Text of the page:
Friday, February 29, 2008

More Bushie Stupidity


It's not as if plagiarism isn't hard to catch these days—in one of the great coincidences of my career, I once found a student paper that had been written by DarLucky's wife!—but along with not realizing that $4/gallon gasoline is imminent,* the Bushies still don't seem to understand the intricacies of the Web in finding examples of it.

So it is with one Timothy Goeglein, a Special Assistant to the President in the White House's Office of Public Liaison, who, in a column yesterday in the The Fort Wayne News-Sentinel, quoted former Dartmouth professor, Jeffrey Hart, extensively.

Mr. Goeglein, I knew Professor Hart, and believe me, you're no Jeffrey Hart. (I've always wanted to use that line.)

Speaking of Professor Hart, I see he's gotten religion and is actually backing Barack Obama for president. His reasons for doing so can he found here, but it's more than a little surprising that the former National Review writer would back a Democrat for any reason. I have my suspicions as to why he's thinking as he is, but they'd be too provocative to articulate.

*I've just found what I think is an obvious parallel between Gorgeous George's "I hadn't heard that" of yesterday and his father's infamous wonderment at super market checkout scanners. Both incidents show the Brahminesque mentality of the two Yale grads and really show that they need to get out more.

UPDATE: The Fort Wayne News-Sentinel has reported that Goeglein plagiarized 20 of the 38 articles they published by him.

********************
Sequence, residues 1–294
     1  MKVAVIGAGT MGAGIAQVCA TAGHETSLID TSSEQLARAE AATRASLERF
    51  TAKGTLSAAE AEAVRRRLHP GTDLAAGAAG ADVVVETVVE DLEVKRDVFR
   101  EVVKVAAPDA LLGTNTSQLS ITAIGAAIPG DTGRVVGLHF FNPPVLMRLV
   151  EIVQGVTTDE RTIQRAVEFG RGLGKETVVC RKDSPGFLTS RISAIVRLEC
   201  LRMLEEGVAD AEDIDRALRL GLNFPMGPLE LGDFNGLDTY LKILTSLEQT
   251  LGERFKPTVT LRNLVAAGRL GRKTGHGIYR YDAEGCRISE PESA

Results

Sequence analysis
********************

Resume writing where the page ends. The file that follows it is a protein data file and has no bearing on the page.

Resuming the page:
Back from Outer Space


On another note, it is good to be back. As some of you may know, my last space mission went longer than anyone anticipated. (The damn Russkies brought a gun into space! I guess they've seen Armageddon too many times.)

Anyway, it's nice having my feet back on terra firma. A lot has changed in the time I've been gone; some of them things I never would have anticipated. (An old white guy is the GOP candidate for President? Inexplicable!) I hope to be a regular contributor again, singing songs of hope and humor to my favorite choir of like-minded malcontents. Worst case: I'll be on a Pedro-like, every-five-days kind of schedule. Unless I pull something.

I will also no longer be hiding behind my old nom de guerre, Sergio. You may now call me by my birth name, Yossarian. Yes, they made my mom read that book in High School too.

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It's His Name, Stupid


Republican hit-and-runners like Rush Limbaugh and Bill Cunningham have made sport lately of making sure everyone is aware that Barack Obama's middle name is Hussein. "It's his name!" they declare. "How can it be unfair if it's his name?" Well, here's why:

Anyone know John McCain's middle name?

Didn't think so.

That's because a person's middle name is irrelevant to his or her ability to be President. And 98% of Americans get that.

But that is not who the GOP red-meaters are appealing to. They are simply trying to perpetuate the myth that Obama is Muslim. They are hoping the small, ignorant few that believe this to be true will be enough to swing the vote the GOP way. And they have good reason to think this. The last two Presidential elections were won by a fraction of the vote.

So yes, Hussein is Obama's name. But that doesn't absolve Republicans from charges of racism and bigotry when they try to use it against him.